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SegWit does not need to utilized by all (or even most) nodes in order to be used safely, but it must be adopted by almost all miners in order to successfully minimize or virtually eliminate the risk of forks or double spends after SegWit activation.

My understanding is that (non mining) nodes that have not activated SegWit, will still consider SegWit transactions valid (because they see no requirement for a signature). However, if some miners includes SegWit transaction(s) in a block that other (non SegWit) mining node(s) reject double spends or forks could theoretically occur. Is that understanding correct?

With this risk in mind, exactly how was the 95% miner adoption level selected? Are there any available statistical simulations that estimate the chances of double spends or forks at a threshold more or less than 95%?

  • I thought if it was a soft fork it doesn't matter if they reject the block or not, it's just a normal block that they would be rejecting- is that right? since the rules are all basically the same, it's backwards compatible – smatthewenglish Oct 26 '16 at 12:26
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New softforks are activated using BIP 9 (versionbits), which specifies the threshold requirements. The 95% threshold is inherited from the old BIP 34 (supermajority) softfork activation method.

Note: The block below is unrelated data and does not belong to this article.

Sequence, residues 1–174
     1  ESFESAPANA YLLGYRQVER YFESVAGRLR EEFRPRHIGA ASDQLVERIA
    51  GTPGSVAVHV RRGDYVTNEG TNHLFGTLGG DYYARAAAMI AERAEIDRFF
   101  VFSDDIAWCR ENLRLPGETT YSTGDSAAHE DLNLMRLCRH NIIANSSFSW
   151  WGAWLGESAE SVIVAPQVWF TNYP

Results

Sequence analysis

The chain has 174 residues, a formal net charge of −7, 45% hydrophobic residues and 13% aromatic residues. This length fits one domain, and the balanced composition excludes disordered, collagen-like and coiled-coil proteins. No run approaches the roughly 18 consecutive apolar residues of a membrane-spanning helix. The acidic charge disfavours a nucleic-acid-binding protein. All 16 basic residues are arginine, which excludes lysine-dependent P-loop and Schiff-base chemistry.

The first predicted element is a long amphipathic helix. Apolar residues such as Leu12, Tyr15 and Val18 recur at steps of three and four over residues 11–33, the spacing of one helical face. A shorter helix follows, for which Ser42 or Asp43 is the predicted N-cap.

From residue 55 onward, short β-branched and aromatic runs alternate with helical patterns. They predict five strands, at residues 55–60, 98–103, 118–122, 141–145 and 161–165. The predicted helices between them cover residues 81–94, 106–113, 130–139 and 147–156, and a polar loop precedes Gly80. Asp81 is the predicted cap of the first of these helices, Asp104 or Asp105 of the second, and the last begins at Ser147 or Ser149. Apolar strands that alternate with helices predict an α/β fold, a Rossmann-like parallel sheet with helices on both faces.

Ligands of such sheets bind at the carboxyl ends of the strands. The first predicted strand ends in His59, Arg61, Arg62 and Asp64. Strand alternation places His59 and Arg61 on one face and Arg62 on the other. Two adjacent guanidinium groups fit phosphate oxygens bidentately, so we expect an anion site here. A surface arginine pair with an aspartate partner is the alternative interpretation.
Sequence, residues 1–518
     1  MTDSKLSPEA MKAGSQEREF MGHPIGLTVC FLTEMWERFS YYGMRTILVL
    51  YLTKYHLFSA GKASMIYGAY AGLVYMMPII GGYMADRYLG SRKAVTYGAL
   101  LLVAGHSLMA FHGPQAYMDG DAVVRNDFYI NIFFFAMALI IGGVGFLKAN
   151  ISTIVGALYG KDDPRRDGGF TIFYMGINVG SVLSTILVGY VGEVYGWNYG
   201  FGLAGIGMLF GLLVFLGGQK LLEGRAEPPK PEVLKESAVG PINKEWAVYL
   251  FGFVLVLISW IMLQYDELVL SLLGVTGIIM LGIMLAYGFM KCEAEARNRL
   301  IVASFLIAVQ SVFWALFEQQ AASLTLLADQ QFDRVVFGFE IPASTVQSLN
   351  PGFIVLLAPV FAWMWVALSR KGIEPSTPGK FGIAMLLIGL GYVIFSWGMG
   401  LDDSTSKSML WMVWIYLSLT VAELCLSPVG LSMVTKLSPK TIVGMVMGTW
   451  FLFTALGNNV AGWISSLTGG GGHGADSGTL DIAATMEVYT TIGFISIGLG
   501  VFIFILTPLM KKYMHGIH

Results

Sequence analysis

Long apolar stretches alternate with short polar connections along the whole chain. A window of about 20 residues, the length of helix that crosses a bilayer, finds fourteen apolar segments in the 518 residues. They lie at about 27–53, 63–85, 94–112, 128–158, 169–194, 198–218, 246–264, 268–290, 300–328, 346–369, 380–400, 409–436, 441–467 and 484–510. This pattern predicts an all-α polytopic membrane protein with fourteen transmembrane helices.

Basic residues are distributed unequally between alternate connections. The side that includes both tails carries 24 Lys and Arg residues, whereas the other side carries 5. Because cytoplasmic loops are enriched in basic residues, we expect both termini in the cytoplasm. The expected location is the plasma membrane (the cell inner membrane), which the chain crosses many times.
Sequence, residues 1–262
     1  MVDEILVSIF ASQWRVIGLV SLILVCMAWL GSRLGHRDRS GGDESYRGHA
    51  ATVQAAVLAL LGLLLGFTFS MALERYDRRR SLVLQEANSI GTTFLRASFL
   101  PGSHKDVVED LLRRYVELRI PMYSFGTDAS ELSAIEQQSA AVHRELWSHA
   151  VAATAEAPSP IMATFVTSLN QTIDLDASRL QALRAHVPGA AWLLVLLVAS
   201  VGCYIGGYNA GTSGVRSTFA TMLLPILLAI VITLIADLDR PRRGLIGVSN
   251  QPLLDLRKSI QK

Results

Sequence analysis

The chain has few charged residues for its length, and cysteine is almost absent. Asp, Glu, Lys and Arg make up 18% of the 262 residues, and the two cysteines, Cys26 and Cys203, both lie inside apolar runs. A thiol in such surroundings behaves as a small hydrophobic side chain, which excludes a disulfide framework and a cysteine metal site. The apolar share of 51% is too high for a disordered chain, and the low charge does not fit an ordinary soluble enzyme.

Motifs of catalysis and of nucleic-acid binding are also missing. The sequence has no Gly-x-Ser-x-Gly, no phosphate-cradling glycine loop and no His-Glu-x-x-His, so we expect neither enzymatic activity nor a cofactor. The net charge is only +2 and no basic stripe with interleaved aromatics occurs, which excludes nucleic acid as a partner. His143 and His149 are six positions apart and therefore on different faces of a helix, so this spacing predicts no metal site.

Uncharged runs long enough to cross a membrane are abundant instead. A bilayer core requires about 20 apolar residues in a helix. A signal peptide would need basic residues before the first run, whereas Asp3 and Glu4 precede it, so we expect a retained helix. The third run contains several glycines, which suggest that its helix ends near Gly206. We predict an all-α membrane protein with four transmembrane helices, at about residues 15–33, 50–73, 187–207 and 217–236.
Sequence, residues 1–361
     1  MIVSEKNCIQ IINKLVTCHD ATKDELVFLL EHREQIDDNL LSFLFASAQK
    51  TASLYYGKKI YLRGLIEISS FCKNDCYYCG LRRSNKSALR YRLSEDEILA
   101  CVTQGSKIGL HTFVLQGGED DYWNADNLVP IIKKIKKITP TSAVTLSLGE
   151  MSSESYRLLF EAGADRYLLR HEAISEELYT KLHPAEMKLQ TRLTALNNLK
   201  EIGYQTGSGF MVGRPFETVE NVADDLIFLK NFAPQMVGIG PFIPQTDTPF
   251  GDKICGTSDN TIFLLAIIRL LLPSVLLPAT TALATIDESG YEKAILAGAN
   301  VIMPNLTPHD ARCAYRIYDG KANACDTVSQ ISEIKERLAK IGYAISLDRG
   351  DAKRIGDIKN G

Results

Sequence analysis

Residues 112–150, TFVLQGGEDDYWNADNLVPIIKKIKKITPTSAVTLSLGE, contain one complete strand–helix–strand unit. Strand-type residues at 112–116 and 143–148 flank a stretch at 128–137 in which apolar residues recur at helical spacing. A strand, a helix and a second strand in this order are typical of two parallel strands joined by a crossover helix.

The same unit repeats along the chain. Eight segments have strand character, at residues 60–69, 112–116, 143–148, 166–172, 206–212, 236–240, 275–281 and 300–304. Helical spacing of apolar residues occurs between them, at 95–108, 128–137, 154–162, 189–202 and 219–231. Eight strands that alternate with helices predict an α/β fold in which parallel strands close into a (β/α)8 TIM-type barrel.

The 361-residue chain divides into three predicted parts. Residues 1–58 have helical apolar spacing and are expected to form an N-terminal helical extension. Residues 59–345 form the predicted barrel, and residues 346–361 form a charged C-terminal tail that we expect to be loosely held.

A softfork with greater than 50% hashing power should always become the dominant chain because the upgraded miners will create a harder difficulty chain, and the non-upgraded nodes will be pulled onto that chain because it's still valid for them (soft-forks are backwards compatible). However, any non-upgraded miners may create blocks which are invalid under the new rules. Those blocks will be orphaned off the new chain. The lower the miner adoption rate, the higher this new orphan rate will be.

In reality, as soon as the threshold has been reached and the softfork is locked in, almost all miners will upgrade to the new rules.

The 95% rate is a very conservative threshold to ensure that there is widespread consensus for the new change.

miners who have not activated SegWit, will still confirm SegWit transactions

This isn't true. If a miner hasn't activated SegWit, then it can't include SegWit transactions in its block (to include a SegWit transaction, it would need to include the witness data and commit to the merkle root of the witnesses in the coinbase transaction). BIP 141 documents all the consensus rule changes for SegWit.

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    Oh, hey there! Welcome to Bitcoin.SE. :) – Murch Oct 26 '16 at 15:12
  • @jonnynewbs thank you. It sounds like I confused my use of miner and node. I will edit my question – 254123179 Oct 26 '16 at 15:19
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    Non-segwit miners will not include segwit transactions, but for a different reason. The encoding of segwit scriptPubKeys is chosen in a way that makes it non-standard for all Core (and forks thereof) software since 0.10. – Pieter Wuille Oct 26 '16 at 15:47

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